--> --> Abstract: Shale Gas: Advances in Technology and Impacts on Markets, by Porter Bennett; #90124 (2011)

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Making the Next Giant Leap in Geosciences
April 10-13, 2011, Houston, Texas, USA

Shale Gas: Advances in Technology and Impacts on Markets

Porter Bennett1

(1) Bentek Energy, Evergreen, CO.

The North American natural gas market has transformed over the last decade owing to the extreme growth in shale gas production. Shale gas will continue to exert a significant impact on U.S. and international markets, reducing the need for Canadian and LNG imports in the coming decade. The Marcellus shale has the greatest potential to create significant market disruptions since natural gas production from the Appalachian Basin could increase by two or three times in the next five years. Surging productivity from U.S. shale gas fields could curtail the need for natural gas imports for a decade or more and provide clean fuel to substitute for coal-fired power generation. Shale gas productivity gains are driven by advances in technology, experience and knowledge.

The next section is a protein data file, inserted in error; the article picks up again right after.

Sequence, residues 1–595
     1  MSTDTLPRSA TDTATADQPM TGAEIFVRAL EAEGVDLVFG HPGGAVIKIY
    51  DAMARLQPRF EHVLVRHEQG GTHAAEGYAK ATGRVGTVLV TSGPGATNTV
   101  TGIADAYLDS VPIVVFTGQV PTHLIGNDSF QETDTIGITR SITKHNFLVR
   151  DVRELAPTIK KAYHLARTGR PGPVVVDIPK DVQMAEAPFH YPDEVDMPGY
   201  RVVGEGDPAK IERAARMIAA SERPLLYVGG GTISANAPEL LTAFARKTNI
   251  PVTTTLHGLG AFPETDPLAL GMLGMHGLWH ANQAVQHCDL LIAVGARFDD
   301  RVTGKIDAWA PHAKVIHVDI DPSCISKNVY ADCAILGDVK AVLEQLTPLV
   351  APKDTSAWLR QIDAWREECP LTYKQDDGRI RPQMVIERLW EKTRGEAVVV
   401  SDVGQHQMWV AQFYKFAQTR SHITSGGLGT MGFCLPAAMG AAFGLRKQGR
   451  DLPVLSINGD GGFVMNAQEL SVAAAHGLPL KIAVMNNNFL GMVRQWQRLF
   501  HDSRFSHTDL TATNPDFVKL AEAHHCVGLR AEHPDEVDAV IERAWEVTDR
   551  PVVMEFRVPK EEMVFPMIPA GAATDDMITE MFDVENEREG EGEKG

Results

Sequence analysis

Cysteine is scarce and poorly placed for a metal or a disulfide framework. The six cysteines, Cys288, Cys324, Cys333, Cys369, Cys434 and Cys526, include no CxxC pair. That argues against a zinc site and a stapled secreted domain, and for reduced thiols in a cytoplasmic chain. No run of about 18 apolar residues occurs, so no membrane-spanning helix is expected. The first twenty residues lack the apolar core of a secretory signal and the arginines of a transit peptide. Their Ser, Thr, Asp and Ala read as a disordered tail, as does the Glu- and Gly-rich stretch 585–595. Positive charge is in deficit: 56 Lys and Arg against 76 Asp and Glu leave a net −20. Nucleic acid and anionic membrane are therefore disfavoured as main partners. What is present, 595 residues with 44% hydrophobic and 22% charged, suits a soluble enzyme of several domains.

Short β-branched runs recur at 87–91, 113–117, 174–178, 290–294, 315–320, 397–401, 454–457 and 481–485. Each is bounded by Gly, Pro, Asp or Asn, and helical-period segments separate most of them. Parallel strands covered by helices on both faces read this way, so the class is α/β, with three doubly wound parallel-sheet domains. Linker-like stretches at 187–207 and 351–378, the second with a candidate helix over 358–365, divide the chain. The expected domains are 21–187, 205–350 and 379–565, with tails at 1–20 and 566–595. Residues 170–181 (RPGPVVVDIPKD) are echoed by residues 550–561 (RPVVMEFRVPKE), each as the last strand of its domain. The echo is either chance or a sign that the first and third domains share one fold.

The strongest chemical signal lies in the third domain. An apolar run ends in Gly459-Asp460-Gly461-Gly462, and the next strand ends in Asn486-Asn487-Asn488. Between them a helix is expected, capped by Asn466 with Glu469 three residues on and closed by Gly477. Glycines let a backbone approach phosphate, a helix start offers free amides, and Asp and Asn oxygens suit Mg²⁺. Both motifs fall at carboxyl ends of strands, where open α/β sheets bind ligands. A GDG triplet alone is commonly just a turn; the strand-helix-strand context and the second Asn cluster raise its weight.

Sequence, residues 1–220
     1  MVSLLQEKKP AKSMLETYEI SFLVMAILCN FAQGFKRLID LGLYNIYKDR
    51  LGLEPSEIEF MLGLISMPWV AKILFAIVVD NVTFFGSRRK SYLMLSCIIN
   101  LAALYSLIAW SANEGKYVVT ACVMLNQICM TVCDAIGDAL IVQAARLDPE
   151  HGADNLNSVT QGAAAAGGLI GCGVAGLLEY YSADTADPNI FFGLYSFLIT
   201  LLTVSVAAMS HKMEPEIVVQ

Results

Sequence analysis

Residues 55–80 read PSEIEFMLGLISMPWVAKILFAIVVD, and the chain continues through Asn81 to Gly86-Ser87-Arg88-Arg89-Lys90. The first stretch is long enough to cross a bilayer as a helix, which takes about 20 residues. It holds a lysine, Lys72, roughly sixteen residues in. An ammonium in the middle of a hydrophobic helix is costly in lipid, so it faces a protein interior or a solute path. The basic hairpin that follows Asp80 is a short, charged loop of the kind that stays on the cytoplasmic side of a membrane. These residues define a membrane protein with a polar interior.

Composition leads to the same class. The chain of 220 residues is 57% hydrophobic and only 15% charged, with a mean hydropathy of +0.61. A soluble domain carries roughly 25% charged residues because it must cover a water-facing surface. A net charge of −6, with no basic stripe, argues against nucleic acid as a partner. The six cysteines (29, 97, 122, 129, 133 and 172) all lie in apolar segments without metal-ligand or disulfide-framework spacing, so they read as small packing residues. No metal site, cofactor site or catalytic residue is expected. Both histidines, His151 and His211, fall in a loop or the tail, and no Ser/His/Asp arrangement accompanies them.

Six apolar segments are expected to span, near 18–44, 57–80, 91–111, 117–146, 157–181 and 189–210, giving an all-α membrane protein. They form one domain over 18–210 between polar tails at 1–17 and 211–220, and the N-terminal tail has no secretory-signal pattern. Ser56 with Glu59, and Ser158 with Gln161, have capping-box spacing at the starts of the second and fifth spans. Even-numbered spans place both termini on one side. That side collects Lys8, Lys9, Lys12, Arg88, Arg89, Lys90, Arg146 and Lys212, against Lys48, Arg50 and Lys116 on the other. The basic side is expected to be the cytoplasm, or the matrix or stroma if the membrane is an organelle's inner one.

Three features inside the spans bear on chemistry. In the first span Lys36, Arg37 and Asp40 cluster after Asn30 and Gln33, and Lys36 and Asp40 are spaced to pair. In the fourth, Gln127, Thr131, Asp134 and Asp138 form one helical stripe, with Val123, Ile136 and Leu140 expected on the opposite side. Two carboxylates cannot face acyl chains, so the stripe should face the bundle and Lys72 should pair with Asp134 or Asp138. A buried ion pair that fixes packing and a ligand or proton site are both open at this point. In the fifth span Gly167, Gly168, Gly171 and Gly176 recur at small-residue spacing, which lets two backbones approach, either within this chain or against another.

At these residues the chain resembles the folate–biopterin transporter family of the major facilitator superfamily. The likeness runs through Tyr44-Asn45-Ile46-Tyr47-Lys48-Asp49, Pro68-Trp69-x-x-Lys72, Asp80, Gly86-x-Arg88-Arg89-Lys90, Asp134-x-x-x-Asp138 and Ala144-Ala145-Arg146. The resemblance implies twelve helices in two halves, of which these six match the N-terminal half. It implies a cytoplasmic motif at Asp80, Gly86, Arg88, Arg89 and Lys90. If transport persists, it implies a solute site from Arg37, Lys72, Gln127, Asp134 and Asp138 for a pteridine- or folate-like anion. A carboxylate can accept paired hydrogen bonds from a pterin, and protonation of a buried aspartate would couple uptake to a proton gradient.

Along with the increase in production, numerous new west-to-east pipelines were installed to deliver natural gas to markets. New pipeline projects including the Rockies Express, Gulf Crossing, and Midcontinent Express helped to alleviate transportation constraints and serve to reduce price differentials by increasing relative prices in the West while dampening prices in the East. More than 30 pipeline expansion projects were proposed to support natural gas production growth, short-haul and long-haul pipeline transportation capacity and pipeline interconnections in the region. Realization of even some of these projects would enable Marcellus production to displace natural gas supplies from Canada, the Rocky Mountains, the Midcontinent and other producing areas. Northeast price premiums would be likely to and price spreads between the Northeast, western Canada and the Rocky Mountains could tighten.

In most natural gas producing regions, natural gas liquids (NGL), in particular ethane, are a highly-valued byproduct. NGL is sold as an important feedstock, often priced significantly higher than natural gas and hence helps to improve the profitability at the wellhead. Yet, in the Marcellus ethane is potentially a constraint if adequate processing and transportation infrastructure are not developed or if demand for ethane does not remain sufficiently robust.